I have just been loving math workshop lately. I used to have days where I would end my math lesson or go home and think to myself, “What did I teach today?” “Did I waste everyone’s time?” “What else could I have done?” I can be harder on myself than anyone else and I hate when I beat myself up about a lesson. I know I am planning and teaching, I know my students are engaged and learning, I just need to leave it at that. Not every lesson is a slam dunk, but that’s life. Which brings me back to the point of this post, math workshop. Almost every time I do math workshop, I end the block with a feeling of success. Whole group lesson? Check! Pulled small groups? Check! Fun, independent practice? Check! Informal assessment of student progress? Check! I love feeling productive and although I have been enjoying the way math workshop runs in my room, setting up the centers takes time and planning.
Check out the link above for my post about how I run math workshop in my classroom. I have 8 centers per unit and my students get to every center at least twice before the unit ends. I am blessed to have a lot of resources to pull from for my centers, which makes prep a little easier. I thought I would share what my centers look like for our current unit: Patterns, Function, and Algebra (3rd grade).
Center 1: Computers– I have 6 computers in my room (3 desktops and 3 laptops). During math workshop, students usually visit xtramath.org, math magician, etc.
Center 2: Task Cards
I printed Ms. Winston’s wonderful Pattern Cards form Teaching Oasis
and created a sheet for students to track their card number and work.
Center 3: Pattern Building
Students select a pattern strip, write the pattern on the sentence strip, build the pattern using the blocks, then draw the pattern on their strip.
Center 4: Create a Pattern
This is a worksheet that I got from my teammate. It may have come from somewhere in the blogosphere or TPT. The students have to roll and record a number. Then students follow the directions to add or subtract the number repeatedly from a given number to create a pattern and write the rule. I use my daughter’s old Gerber baby food containers to hold dice, player pieces, cards, etc.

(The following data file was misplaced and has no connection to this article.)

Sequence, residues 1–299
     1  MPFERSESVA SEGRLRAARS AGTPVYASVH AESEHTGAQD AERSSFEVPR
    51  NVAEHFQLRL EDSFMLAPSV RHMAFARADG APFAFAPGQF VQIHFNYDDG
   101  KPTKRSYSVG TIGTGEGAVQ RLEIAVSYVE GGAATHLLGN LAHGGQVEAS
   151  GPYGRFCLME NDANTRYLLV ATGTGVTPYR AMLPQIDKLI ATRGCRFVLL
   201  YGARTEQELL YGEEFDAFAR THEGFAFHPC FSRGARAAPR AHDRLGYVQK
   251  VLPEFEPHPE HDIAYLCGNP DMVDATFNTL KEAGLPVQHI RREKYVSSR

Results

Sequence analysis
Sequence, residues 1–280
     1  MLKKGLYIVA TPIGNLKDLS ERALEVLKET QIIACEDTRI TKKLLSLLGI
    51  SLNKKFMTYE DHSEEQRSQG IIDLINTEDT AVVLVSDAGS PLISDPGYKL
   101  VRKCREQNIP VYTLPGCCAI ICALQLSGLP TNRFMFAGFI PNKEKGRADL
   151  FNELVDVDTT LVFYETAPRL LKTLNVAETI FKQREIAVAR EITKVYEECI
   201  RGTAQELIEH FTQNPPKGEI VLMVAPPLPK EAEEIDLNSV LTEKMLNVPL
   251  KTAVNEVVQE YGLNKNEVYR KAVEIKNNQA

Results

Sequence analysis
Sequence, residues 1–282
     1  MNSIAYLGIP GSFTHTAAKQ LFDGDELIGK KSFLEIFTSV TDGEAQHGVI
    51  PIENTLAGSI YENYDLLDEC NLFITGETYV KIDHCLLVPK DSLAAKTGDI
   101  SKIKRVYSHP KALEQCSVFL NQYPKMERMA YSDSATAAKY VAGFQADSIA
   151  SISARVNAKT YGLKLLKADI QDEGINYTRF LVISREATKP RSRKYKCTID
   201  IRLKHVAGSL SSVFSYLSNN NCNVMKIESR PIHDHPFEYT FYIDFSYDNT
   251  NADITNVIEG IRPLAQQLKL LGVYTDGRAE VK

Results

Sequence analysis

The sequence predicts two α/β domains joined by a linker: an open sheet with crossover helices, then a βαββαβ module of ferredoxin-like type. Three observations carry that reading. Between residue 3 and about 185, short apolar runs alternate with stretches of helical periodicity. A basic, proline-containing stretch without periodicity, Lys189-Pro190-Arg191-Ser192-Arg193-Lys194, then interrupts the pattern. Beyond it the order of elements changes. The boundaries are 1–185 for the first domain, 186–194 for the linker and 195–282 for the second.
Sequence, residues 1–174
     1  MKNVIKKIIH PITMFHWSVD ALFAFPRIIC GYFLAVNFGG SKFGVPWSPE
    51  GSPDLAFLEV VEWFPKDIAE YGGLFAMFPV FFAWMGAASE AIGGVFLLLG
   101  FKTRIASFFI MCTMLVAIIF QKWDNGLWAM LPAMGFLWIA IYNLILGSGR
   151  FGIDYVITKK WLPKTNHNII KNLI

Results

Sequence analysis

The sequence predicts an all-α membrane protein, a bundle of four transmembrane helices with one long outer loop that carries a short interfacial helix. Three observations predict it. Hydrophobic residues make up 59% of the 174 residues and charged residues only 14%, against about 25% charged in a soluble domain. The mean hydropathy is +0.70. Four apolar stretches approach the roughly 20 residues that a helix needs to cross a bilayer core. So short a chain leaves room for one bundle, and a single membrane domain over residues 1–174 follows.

Center 5: Game Boards
I have a bunch of different game boards from the Language Arts Froggy Game
set I have. I take the game boards, along with dice and player pieces, and pair them with task cards. Students have to correctly answer the task card question to be able to move around the board. The kids love this center. I love this center. It is so easy. I have this center during each unit and just change out the task cards. These tasks cards are also from Ms. Winston at Teaching Oasis
Center 6: Grab & Play Games
This game is from my Grab & Play Set from Lakeshore. Each game comes in a cardboard sleeve with everything the kids need to play. Stay tuned for my review of this set.
Center 7: File Folder Games
These games are from a box set of file folder games I own. I love them because they are bright, colorful, and come with all the pieces needed to play, including an answer key. The box set has folders for each unit I teach. Students usually have an opportunity to complete at least 2 folders before the center rotation is over. This unit I have included folder games on patterns, area/perimeter, and making change.
Center 8: Computation Review
I created this center on the fly, but it has worked out really well .The bin contains blank books and a container of glue sticks and computation cards. The students randomly select one addition, subtraction, multiplication, and division problem and glue them on each page of their booklet. The students must solve each problem two ways. This doesn’t really go with my unit, but with the approaching tests I’ll take review wherever I can get it.
I would love to hear any other ideas you may have to help teach and reinforce this unit. See you soon!